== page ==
- By Benzoic Acid
- 14 August, 2012
- Comments Off on Benzoic Acid Polarity
Benzoic Acid Polarity
The study of the polarity of the benzoic acid demonstrates the unique nature of chemistry through considering the bonding, electrical charge, and configuration of the molecule. The structure of benzoic acid consists of a large, non-polar benzene ring attached to a small, polar carboxylic acid functional group (C6H5COOH). The intermolecular forces within a benzoic acid are London dispersion bonds, dipole-dipole bonds, and hydrogen bonds. Benzoic acid is characterized as a solid colorless, crystalline. It functions as an important precursor for the synthesis of many other organic substances but is not compatible with strong bases. Benzoic acid is a cheap substance and readily available making it a good choice for chemists to research in the lab and for undergraduate students to experiment with.
Benzoic Acid Uses
Benzoic acid is widely used as a food preservative and antifungal agent to prevent the growth of mold, yeast, and some bacteria. The efficacy of benzoic acid is dependent on the pH of the food since the molecule must be absorbed within the cell and cause the intracellular pH to drop below five. This causes the anaerobic fermentation of glucose. Within the human body, benzoic acid is conjugated to glycine in the liver and excreted as hippuric acid. In the health care field, benzoic acid is used to treat ailments such as athlete’s foot and ringworm and has even been used as a decongestant and antiseptic.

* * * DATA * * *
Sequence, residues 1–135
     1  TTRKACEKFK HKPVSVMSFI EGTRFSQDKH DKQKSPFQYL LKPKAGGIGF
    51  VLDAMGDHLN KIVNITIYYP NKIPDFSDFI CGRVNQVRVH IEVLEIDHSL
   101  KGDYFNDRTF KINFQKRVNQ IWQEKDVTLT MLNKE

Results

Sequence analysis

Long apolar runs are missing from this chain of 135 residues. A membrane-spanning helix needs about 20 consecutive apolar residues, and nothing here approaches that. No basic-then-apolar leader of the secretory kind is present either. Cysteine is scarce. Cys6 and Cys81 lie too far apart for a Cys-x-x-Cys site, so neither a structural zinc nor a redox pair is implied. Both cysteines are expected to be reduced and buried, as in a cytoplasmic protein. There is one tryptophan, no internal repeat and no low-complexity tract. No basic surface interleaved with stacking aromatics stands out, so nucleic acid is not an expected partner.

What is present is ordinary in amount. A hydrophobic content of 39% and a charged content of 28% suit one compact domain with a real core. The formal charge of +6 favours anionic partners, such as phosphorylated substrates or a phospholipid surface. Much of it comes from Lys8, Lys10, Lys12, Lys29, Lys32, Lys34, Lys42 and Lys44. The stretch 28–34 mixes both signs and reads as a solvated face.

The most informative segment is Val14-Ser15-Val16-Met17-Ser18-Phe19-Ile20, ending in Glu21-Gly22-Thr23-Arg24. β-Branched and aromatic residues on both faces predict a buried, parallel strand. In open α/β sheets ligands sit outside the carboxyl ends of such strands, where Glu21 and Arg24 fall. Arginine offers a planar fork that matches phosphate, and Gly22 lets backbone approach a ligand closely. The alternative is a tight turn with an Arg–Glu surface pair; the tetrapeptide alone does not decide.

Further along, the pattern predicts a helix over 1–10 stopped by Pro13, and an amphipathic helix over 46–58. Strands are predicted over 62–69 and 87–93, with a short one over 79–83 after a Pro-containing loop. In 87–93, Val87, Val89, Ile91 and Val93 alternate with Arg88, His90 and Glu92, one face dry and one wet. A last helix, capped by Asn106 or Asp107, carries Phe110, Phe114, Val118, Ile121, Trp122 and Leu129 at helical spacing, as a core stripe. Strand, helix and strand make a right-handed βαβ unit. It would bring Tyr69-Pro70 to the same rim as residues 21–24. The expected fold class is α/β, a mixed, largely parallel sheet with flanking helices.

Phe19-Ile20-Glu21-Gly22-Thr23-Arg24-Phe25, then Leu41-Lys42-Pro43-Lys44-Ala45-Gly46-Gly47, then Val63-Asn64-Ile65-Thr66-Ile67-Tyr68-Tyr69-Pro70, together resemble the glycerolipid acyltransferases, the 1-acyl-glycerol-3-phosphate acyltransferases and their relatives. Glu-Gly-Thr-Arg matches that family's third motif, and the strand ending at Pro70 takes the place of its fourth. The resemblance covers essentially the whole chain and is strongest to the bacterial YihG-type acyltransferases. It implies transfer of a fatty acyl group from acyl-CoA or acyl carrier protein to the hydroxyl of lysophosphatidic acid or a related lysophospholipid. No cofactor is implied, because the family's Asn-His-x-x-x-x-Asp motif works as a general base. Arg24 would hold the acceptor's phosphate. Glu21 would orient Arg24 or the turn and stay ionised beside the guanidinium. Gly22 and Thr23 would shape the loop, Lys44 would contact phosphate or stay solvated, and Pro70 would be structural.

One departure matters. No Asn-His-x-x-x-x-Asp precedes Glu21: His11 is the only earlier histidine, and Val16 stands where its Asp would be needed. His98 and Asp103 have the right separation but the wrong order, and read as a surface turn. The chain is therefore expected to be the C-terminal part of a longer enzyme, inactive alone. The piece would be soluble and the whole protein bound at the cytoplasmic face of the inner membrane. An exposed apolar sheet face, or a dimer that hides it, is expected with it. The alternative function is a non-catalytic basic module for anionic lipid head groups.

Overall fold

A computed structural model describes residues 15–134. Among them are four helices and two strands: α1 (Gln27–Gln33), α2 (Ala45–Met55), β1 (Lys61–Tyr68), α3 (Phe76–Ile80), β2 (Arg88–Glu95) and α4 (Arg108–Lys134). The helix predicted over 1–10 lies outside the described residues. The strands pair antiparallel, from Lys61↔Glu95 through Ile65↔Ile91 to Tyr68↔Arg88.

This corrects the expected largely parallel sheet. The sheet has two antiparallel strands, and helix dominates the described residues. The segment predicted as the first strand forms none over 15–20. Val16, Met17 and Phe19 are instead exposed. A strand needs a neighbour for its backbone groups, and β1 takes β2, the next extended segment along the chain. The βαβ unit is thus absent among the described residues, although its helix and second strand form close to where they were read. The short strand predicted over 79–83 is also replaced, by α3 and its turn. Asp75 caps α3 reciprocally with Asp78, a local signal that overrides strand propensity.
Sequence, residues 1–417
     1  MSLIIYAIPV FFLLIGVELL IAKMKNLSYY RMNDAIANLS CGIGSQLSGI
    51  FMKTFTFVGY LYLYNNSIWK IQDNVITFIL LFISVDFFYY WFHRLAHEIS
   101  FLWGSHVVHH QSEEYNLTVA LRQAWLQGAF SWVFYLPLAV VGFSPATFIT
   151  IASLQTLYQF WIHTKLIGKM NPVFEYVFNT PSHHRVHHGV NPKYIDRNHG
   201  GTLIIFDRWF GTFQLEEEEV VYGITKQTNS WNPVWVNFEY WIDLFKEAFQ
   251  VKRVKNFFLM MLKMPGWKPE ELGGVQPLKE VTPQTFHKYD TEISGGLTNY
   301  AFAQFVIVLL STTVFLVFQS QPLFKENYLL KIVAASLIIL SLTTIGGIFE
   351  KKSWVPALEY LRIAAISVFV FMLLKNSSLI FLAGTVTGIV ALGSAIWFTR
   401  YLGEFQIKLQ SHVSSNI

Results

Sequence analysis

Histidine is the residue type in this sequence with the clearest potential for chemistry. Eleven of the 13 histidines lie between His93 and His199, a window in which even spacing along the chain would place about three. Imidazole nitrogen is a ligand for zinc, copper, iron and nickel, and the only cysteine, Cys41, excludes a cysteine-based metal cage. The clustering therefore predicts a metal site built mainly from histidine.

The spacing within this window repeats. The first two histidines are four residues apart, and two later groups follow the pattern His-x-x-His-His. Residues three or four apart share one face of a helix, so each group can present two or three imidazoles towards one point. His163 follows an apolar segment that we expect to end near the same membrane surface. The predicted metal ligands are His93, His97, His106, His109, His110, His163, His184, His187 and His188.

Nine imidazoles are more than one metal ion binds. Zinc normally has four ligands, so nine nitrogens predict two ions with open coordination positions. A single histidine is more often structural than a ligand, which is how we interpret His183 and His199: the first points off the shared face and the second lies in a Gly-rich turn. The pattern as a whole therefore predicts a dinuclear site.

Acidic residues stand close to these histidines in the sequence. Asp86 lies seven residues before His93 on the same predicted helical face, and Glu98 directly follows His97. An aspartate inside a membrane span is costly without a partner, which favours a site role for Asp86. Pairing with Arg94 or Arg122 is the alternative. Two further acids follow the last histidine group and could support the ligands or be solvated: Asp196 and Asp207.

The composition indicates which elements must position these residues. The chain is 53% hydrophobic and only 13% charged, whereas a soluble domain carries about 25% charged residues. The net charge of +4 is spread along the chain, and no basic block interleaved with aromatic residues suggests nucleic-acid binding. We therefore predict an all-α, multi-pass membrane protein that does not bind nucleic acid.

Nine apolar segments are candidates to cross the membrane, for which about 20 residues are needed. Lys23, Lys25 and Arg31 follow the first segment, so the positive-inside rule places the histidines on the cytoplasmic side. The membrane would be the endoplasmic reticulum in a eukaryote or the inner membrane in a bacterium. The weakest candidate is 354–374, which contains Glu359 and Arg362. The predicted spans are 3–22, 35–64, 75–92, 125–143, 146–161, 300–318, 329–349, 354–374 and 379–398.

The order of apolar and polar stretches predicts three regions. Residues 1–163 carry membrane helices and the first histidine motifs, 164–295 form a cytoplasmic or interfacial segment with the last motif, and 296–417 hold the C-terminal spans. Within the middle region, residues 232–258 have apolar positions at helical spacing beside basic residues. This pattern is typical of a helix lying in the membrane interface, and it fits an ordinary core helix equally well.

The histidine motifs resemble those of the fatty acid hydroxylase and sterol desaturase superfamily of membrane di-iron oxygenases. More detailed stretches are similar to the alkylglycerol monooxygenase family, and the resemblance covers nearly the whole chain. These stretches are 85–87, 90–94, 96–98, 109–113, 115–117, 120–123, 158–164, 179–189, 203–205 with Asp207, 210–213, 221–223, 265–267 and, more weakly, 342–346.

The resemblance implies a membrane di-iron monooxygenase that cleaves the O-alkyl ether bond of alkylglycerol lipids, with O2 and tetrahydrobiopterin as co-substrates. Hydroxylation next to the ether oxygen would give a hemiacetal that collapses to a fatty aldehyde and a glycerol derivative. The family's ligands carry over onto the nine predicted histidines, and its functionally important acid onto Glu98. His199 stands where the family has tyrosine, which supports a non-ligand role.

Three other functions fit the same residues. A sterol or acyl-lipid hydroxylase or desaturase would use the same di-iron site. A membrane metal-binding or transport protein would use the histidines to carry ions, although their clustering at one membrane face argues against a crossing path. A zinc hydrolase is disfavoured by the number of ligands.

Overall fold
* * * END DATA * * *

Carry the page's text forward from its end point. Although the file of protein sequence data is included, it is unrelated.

Benzoic acid is considered a slightly polar molecule because the carboxylic acid functional group has some polarity with the carbonyl group. This makes sense because all acids typically contain some degree of polarity. In chemical reactions, the large, non-polar benzene ring often causes benzoic acid to act as a non-polar molecule. In theory, benzoic acid should be able to dissolve in both polar and non-polar solvents but does not like either. Benzoic acid resists dissolving in water because the large, non-polar benzene ring prefers to be around other non-polar benzene rings than polar water molecules, despite the acidic attachment. Unusually, benzoic acid dissolves differently in hot and cold water. It has a higher solubility in hot water and a poor solubility in cold water. This unique characteristic makes benzoic acid optimal for purification in the lab setting.
The polarity of benzoic acid continues to be an interesting phenomenon for chemists since it often reacts in a different behavior than expected by the rules of bonding and attraction in the field of chemistry.
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